CELEBRATING BLACK HISTORY MONTH
On Friday, February 5 at 7 pm, the Village of Brockport will join The College at Brockport to celebrate two of Brockport’s prominent 19th Century African-American residents and their families: William Page and Fannie Barrier Williams. The celebration will include presentations, musical performances, and refreshments. It will take place on the College campus in the New York Room of Cooper Hall. The event is free and open to the public.
Sarah Cedeño, Brockport Village Historian and Lecturer in the College at Brockport’s English Department, will discuss the lives of the William Page family and their place in Brockport’s history. William Page, born into slavery in 1834 in Florida, was sent to western New York via the Underground Railroad. Page earned his certificate in civil engineering from Rochester before raising his family in Brockport, NY.
Ann Frey, retired Brockport Central School history teacher, will present the life of Brockport-born Fannie Barrier Williams. Mrs. Williams was a nationally known lecturer who worked tirelessly to promote programs to benefit the free and newly freed black women. She helped establish the NAACP and Chicago’s Provident Hospital—the first black-owned and operated hospital in America.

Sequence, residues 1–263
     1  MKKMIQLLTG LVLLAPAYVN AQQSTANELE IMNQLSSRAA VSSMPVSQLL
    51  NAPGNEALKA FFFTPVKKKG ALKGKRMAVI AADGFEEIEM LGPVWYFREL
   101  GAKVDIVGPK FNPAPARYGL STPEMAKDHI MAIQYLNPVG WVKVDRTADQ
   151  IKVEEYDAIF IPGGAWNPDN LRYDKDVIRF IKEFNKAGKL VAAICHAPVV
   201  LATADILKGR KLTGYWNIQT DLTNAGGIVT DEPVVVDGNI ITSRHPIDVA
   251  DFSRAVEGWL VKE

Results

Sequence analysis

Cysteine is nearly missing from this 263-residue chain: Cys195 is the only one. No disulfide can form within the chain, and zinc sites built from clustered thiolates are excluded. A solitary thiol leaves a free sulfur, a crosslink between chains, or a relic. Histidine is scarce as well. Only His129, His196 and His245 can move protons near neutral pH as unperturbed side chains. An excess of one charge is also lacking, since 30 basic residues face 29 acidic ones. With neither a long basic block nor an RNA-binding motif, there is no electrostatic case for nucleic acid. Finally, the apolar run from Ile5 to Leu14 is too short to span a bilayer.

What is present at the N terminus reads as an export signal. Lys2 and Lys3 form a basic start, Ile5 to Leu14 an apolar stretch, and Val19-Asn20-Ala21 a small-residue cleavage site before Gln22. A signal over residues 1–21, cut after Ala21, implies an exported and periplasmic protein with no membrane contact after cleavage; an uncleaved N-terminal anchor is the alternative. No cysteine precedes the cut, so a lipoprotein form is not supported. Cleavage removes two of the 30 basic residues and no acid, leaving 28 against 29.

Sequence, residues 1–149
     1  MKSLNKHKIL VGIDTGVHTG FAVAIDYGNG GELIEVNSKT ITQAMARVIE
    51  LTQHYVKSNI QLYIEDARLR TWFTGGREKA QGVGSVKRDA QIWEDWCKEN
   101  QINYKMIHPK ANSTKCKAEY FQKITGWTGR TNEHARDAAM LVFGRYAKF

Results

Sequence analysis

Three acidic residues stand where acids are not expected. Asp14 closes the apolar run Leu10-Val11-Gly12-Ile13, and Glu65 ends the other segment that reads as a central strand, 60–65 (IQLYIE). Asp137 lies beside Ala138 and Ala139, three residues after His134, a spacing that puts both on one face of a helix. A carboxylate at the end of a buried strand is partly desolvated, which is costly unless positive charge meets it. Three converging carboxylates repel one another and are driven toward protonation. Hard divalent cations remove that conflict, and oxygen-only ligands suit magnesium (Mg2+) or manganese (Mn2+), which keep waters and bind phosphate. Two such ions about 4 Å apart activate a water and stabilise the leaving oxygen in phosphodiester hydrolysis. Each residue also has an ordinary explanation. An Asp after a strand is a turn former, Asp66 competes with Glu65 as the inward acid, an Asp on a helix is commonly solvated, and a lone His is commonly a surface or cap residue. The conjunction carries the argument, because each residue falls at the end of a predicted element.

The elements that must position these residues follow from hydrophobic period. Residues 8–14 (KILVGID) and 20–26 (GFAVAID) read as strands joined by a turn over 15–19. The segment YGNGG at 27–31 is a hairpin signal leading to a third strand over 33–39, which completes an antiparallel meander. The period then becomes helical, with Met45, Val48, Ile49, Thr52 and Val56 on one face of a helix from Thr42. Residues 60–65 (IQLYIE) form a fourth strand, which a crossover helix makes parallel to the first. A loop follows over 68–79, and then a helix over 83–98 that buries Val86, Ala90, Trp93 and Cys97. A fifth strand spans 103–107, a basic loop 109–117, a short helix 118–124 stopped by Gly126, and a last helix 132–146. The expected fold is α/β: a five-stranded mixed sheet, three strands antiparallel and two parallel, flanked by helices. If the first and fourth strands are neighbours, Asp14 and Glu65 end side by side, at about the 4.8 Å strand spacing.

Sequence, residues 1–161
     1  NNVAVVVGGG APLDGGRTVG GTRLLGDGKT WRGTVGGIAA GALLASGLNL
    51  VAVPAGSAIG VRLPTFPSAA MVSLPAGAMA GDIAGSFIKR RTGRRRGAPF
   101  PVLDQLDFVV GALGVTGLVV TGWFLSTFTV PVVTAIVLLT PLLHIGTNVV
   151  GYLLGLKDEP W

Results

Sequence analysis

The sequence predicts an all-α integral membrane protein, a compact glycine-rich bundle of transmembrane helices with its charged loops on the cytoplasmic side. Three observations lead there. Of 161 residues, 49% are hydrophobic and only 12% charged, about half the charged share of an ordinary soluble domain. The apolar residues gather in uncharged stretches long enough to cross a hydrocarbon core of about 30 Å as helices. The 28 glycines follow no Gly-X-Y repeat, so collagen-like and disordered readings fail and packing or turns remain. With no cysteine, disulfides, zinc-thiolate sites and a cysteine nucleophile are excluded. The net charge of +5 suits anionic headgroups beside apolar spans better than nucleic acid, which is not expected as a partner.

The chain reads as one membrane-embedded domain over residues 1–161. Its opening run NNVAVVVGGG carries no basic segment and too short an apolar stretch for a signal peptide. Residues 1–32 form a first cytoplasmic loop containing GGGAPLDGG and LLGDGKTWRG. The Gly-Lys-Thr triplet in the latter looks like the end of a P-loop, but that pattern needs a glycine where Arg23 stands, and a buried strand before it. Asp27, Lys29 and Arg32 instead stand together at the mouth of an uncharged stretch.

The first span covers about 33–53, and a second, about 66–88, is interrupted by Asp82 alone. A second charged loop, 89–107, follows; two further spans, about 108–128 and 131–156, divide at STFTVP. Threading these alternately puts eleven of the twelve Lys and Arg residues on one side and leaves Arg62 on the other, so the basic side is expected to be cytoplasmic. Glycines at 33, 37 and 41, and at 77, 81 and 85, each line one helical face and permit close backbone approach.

In addition to presentations, College at Brockport student Oscia Miles, an Interdisciplinary Arts major, will perform a speech written by Fannie Barrier Williams. Pianist Greg Turner will entertain the audience with some music composed by Harry Page.
The evening will conclude with punch and a birthday cake to celebrate the February birthday of Mrs. Barrier Williams.
This event is co-sponsored by the Museum Studies/Public History Program at the College at Brockport and the Emily L. Knapp Museum & Library of Local History in the Village of Brockport. Additional support is provided by the Department of Anthropology, the Department of History, and the Office of the College Provost.